Excellent students (A- and above) will show strong achievement across all the criteria combined with particularly impressive depths of knowledge and/or subtlety of analysis. In written work, they will support their arguments with a wealth of relevant detail/examples. They will also demonstrate an acute awareness of the relevant historiography and give an account of why the conclusions reached are important within a particular historical debate. They may show a particularly subtle approach to possible objections, nuancing their argument in the light of counter-examples, or producing an interesting synthesis of various contrasting positions. Overall, the standards of content, argument, analysis and standards of presentation will be high. They will be enthusiastic and stimulating contributors to discussion boards, often changing the ways in which topics are being discussed with their originality. The literature review will be comprehensive and fully analytic, indicating not only what historians have said, but clearly identifying the core of the disputes between them, and suggesting ways in which further research or reconceptualisations may move discussion on in future. It would form the basis of an outstanding introduction to a dissertation on the topic.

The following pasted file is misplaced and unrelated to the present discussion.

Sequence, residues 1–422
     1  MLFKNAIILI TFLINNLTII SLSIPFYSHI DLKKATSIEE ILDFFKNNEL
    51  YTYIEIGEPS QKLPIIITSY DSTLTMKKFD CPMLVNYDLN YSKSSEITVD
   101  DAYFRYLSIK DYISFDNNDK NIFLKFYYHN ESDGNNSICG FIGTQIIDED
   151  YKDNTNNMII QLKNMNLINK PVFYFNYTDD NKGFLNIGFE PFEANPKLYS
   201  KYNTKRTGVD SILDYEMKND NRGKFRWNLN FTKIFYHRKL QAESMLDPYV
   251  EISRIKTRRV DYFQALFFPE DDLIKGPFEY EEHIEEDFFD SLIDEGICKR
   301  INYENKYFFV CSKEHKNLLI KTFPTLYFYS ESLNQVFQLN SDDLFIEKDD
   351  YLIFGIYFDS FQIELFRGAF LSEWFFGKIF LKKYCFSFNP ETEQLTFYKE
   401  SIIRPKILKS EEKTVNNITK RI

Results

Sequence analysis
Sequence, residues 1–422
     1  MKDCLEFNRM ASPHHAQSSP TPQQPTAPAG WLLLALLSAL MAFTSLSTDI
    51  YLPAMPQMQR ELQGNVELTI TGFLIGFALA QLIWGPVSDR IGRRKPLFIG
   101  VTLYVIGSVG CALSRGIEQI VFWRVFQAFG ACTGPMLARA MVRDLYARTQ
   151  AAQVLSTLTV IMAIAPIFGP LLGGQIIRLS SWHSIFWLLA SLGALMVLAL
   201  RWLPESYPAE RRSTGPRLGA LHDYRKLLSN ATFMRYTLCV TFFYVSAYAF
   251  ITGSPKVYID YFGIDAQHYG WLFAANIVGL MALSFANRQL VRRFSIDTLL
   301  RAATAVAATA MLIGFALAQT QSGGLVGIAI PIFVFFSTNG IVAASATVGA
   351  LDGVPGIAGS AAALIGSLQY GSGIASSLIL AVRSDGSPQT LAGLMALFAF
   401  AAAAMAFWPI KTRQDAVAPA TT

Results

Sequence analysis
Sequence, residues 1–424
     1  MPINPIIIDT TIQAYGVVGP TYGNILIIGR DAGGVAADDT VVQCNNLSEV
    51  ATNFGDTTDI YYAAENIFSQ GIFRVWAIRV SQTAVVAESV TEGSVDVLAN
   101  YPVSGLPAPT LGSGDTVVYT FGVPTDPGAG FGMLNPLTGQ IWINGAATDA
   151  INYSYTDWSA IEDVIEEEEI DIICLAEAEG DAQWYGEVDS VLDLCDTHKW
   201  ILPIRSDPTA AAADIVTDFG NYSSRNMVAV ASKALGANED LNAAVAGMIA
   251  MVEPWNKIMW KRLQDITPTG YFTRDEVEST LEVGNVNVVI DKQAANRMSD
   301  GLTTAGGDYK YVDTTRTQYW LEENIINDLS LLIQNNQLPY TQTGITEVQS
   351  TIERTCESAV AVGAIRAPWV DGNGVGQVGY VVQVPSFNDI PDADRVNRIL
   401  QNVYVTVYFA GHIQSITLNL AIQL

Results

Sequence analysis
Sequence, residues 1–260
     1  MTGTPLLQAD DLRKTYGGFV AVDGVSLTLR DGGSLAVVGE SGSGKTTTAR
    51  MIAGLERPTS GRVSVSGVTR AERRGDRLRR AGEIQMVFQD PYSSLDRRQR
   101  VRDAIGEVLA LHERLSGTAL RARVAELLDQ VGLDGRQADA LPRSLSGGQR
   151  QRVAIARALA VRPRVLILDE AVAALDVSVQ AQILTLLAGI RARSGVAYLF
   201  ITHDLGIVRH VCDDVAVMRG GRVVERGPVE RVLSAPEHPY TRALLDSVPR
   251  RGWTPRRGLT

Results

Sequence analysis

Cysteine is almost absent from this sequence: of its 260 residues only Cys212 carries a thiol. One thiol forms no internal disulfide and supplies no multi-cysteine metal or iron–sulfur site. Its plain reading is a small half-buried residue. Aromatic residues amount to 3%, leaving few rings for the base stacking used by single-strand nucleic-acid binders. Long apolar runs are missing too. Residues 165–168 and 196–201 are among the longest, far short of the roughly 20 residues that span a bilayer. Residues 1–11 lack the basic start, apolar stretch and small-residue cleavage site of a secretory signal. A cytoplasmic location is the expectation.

C- to C+
Students in this band (C- to C+) will demonstrate a solid and satisfactory range of achievement or depth of knowledge of most parts of the module, and will make successful, if occasionally inconsistent, attempts to develop those skills appropriate to the study of History at undergraduate level. In the case of the written assessments, the answers will attempt to focus on the question, although might drift into narrative, and will show some evidence of solid reading and research. The argument might lose direction and might not be adequately clear at the bottom of this category. Written work will be presented reasonably well with only limited errors in grammar, punctuation, and referencing, and not to the extent that they obscure meaning. They will contribute to discussion boards reasonably fully, but their contributions may be a little derivative, with only limited evidence of individual insight or analysis. The literature review will be survey some relevant works, but there may be some obvious gaps, and it may not be fully analytic. It would form the basis of an adequate, but not strong, introduction to a dissertation on the topic.